6 Tips to Help You Choose Settings for Your Pop-Up

Usage of modal windows commonly known as pop-ups in order to get the message across is already mainstream so calling it an upcoming trend would be an understatement. Practice is so widespread amongst sites in almost all online present industries that you see pop-ups more often than not. The forms in which they might appear are as different as snowflakes- in size from small to whole screen, moving, flashing, wiggling, in subtle or vivid colours, with or without visuals, showing up once or on every single page and the list goes on.

Retrieved from UXMovement
Retrieved from UXMovement

While at first some sites using pop-ups were considered being overly intrusive, now with users becoming familiar with this practice they evaluate what has been presented to them and act upon this set of information, which not necessarily is an instinctive urge to look for a way to close “screen’s intruder”.

Keep in mind: visitors have short attention span..

In some cases introduction of pop-ups to a site have had tremendous results as high as 1375% increase in subscriptions. Which raises questions: are all pop-ups bad and how to tell the difference?

6 tips to avoid common pop-up pitfalls

What distinguishes a good pop-up from a bad, irritating one is its relevance to the observer. How not to create an irritating pop-up:

  • Be minimalistic and subtle in colouring — No one wants to be interrupted during their process of browsing the web and especially if it is done in an alarming manner. Use a light-box pop-up.
  • Present visitors with a choice — Offering choice gives compliance momentum. Make saying “no” less appealing and highlight option you want visitor to take. Set the expectation of the action button: “Claim your discount now”, “Get your guide now”
Retrieved from TOMS
Retrieved from TOMS
Retrieved from SocialTriggers
  • Use visuals to hint what visitors will receive — Visual materials help brain to establish associations quicker, therefore it is a very powerful way to convey the information without using words. Too much text may often seem overwhelming.
Retrieved from Wall Street Journal
Retrieved from KISSmetrics

Avoid using people in your pop-up. Apparently testing has proven that presence of people in promotion materials decreases conversion.

Retrieved from BounceExchange
  • Never hide the “X” or close button — If the visitor wants to close the pop-up, then he or she has already absorbed the information and made up his or her mind. Disallowing to get rid of distraction to proceed will only irritate the visitor and will increase the likelihood of them closing the page altogether. Test the opposite- try emphasizing the closing button by making it more visible, distinct. It might create positive effect since pop-up will seem less like a scam and will show that you respect visitor’s browsing experience.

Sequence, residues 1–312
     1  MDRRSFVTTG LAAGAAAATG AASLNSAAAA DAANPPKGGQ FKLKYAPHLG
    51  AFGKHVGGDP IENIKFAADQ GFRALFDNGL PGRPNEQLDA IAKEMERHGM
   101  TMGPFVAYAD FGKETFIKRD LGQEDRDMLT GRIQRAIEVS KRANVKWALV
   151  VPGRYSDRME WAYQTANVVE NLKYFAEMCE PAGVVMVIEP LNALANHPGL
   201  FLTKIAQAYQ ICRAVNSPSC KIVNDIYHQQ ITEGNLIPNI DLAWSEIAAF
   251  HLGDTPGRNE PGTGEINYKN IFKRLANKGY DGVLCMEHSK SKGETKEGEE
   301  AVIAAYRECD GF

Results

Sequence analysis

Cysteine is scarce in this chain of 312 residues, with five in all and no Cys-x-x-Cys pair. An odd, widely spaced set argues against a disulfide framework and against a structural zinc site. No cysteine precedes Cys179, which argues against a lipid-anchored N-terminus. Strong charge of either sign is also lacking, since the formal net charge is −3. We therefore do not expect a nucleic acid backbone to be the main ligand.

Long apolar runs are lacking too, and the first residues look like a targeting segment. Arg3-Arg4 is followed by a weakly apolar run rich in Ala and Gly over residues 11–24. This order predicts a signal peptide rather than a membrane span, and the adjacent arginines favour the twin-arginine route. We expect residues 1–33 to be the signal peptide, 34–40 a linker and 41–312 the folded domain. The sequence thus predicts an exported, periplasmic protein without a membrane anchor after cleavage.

Retrieved from rOtring
  • Teasing = Leaving — offering a redirect to a “bonus”, where afterwards visitor will be asked to sign-up or pay for the material will leave only a soar memory, which reduces the likelihood of future interaction. Do not pressurize the visitor to give up something they do not want to intentionally.
  • Once in a while — do not ask the visitor to subscribe to your newsletter every time he or she visits your site. Restrict(using visitor’s IP address, cookies) your pop-up by setting up time period(daily, weekly, monthly) limit betweens displays so you do not annoy your visitor.

Nuances that will let the pop-up to work on your side

You can set up the pop-up to be called upon by many triggers. Determinants of when a pop-up should be displayed to be considered appropriate and effective can be set to be dependent on:

  • Time — Timing is everything — one conversion test states that the most “fruitful” time for pop-up display is around 60 seconds, because then visitor’s interest in what your site provides will be proven by their presence and time spent in the site will build trust which spurs action. Study your visitors to optimize pop-up display time for your site.
  • Geo-location — Different location, different people, different needs. Localize your pop-up to stay relevant for all
Retrieved from DKNY
  • Context — showing the same promotion in different places on your site will send visitor a different message. Delivering this message on the right page can induce visitor to feel treated as individual and catered for as opposed to the message being irrelevant
  • Behaviour — in 2015 there are quite many organizations/companies across the world that have developed solutions that subtly — “in the background” — collect the behaviour of the user within a single site. This lets providing relevant pop-ups to the visitor with substantial precision.

It may seem as there are too many determinants to take care of so why even bother? Answer is simple: use third party solutions that will take care of the latter. Save time, energy and focus on what only you can do for your site.

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